Separating the coal assets is a multilateral project, and in the face of the current energy crisis, it becomes particularly strategic – says Paweł Majewski, president of Enea Group in an interview with BiznesAlert.pl.
BiznesAlert.pl: Is Enea experiencing any difficulties with ensuring the supply of fossil fuels to its power plants?
Paweł Majewski: I suppose you are asking about the situation that we have been struggling with since relatively recently, concerning the reduction of production plans by the Bogdanka mine due to the breakdown. This is indeed a situation that has presented us with quite a challenge. This challenge mainly concerns our power plant in Kozienice, which depends on supplies from Bogdanka. For the most part, we have contracted coal for our needs, but the main problem is still the logistics of supplying this raw material. The problem at Bogdanka occurred at the least expected moment, that is, right at the beginning of the greatest demand for coal in the season. The delivery of this coal to the power plant is a demanding task, but I am confident that we will carry it out as intended. We are monitoring the situation and there is no cause for concern.
Where does this coal come from, from imports or from Poland?
This is mainly imported coal, which is more expensive. We mainly rely on the supply of fossil fuels from PGE Paliwa and Węglokoks. These are stable providers who are proven and reliable.
Is the quality of the coal enough for your needs? Some claim that the raw material imported by these two companies is not of the best quality.
The quality is right for the energy culm (fine grained coal – transl.). This is a type of coal that, when properly mixed, can be safely used in our power plants. The quality is therefore satisfactory to us. The price is the problem. Imported coal is several times more expensive than domestic coal.
Enea has the largest production capacity from biomass. What is the availability of this raw material?
It is true that currently the Polish market is not getting wood chips from Belarus. This makes it necessary to look for an alternative. Keep in mind that this is a very competitive market. We have a lot of companies that import biomass. It’s a dispersed market, but it’s a market, which means that where one player disappears, another player appears. We have no problems with acquiring biomass. However, all energy resources are becoming more expensive, and the price of biomass as a substitute for coal is also growing dynamically.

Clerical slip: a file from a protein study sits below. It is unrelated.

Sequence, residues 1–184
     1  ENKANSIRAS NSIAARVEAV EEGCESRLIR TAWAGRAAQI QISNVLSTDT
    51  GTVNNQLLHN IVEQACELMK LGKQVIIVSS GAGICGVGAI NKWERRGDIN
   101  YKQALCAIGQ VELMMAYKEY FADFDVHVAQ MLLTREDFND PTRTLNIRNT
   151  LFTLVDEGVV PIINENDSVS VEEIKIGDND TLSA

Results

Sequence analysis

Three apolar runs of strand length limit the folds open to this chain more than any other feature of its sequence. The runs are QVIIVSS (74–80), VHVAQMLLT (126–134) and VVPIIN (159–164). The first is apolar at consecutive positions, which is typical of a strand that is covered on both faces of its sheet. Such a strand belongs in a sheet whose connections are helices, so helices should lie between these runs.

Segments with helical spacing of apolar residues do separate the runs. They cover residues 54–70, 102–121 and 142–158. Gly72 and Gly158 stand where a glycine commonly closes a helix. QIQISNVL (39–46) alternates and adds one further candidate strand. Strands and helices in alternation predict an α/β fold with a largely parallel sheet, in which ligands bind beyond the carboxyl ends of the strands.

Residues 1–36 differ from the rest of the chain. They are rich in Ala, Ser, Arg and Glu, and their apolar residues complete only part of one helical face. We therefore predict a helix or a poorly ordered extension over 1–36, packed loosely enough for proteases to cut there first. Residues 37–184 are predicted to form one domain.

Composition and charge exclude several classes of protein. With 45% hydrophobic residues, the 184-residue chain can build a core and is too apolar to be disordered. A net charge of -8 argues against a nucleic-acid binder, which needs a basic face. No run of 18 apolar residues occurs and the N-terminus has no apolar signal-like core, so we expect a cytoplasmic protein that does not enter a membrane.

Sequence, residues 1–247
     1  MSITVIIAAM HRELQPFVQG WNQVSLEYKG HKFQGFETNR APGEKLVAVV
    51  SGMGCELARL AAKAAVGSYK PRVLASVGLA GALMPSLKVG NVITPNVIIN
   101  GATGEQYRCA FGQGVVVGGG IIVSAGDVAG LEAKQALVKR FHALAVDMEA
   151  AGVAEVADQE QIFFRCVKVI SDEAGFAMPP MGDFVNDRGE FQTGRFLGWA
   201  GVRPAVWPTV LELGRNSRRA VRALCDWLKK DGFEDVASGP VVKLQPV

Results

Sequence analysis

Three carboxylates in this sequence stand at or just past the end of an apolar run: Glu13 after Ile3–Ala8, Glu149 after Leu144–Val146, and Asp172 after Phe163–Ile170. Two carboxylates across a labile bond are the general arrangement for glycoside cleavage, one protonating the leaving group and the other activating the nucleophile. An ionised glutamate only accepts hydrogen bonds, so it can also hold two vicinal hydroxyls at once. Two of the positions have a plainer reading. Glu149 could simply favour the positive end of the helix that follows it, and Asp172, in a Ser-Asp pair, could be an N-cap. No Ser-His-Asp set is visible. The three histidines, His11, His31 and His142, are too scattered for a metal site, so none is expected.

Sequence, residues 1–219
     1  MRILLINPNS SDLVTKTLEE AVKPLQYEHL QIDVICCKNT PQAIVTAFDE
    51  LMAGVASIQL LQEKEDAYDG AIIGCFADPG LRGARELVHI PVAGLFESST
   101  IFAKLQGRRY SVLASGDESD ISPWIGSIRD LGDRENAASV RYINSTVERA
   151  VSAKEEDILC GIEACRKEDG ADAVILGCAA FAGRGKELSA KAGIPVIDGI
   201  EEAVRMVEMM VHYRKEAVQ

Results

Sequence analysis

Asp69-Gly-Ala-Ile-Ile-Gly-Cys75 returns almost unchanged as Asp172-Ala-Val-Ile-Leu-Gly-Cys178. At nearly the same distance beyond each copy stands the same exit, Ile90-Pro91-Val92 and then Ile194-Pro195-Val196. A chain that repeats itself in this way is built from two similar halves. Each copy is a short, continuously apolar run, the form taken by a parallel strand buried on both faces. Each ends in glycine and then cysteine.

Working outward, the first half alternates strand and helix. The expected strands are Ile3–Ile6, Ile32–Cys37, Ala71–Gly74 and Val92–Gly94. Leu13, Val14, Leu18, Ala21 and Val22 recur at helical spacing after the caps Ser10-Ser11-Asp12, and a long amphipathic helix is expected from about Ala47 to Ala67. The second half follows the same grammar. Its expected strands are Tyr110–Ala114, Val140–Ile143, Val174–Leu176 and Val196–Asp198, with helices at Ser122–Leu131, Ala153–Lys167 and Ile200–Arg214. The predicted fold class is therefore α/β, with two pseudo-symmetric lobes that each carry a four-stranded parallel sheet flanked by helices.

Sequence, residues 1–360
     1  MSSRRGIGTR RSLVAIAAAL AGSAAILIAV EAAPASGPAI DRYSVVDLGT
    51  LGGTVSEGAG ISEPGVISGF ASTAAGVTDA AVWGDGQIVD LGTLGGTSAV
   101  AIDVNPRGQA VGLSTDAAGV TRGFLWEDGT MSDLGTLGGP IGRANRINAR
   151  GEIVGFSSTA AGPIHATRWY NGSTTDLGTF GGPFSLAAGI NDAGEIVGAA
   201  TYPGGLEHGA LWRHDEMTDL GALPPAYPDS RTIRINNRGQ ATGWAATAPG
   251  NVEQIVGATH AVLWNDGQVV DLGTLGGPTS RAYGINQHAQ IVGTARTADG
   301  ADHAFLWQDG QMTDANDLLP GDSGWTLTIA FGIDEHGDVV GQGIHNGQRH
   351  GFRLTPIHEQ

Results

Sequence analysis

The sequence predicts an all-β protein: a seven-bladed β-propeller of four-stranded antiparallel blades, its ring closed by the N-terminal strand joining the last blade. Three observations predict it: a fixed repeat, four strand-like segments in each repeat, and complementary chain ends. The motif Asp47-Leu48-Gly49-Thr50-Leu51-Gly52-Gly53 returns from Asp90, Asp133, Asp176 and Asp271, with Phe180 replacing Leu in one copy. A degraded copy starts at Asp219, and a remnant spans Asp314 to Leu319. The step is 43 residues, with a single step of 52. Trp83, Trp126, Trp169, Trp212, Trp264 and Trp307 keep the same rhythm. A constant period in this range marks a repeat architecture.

Considering the crisis there is talk of adopting a different approach to gas? Enea has plans to build gas units in Kozienice. Has the crisis changed your approach to these plans?
The crisis does not affect our strategic plan on this issue. We are currently conducting a technical dialogue on changing the type of power supply in Kozienice for up to 2 GW of installed capacity. We are talking, of course, about gas conversion. The plan does not change, because gas will remain to some extent the energy transition fuel. Projects that have already started should be continued in order not to waste time. So we plan to continue this project, and we have secured gas for this purpose.
How is the separation of coal assets progressing? It was said that this process will have been completed by the end of the year.
The project has many participants. The key here is to finalise the financial arrangements for this project. In an era of volatile raw material prices and very high CO2 prices, appropriate financing arrangements are a particular challenge. The separation is necessary, because it is difficult to imagine that we will implement ambitious plans to develop RES, or the grid, or that we will commission energy storage facilities if we do not separate the coal assets. In the current situation, we will not even receive a loan for investments in RES, of which financial institutions have already informed us. The strategic concept of the National Energy Security Agency (NABE), as designed by the government, is crucial for the success of the transformation process of the energy sector.
Is the deadline to launch NABE by the end of the year still binding?
The deadline for the establishment of the National Energy Security Agency is the end of this year, but there are signs that the completion of the project may be postponed by several weeks. However, the work of the Ministry of State Assets and the entities involved in the process is very intensive, highly advanced and has entered the final stage of implementation.
Interview by Mariusz Marszałkowski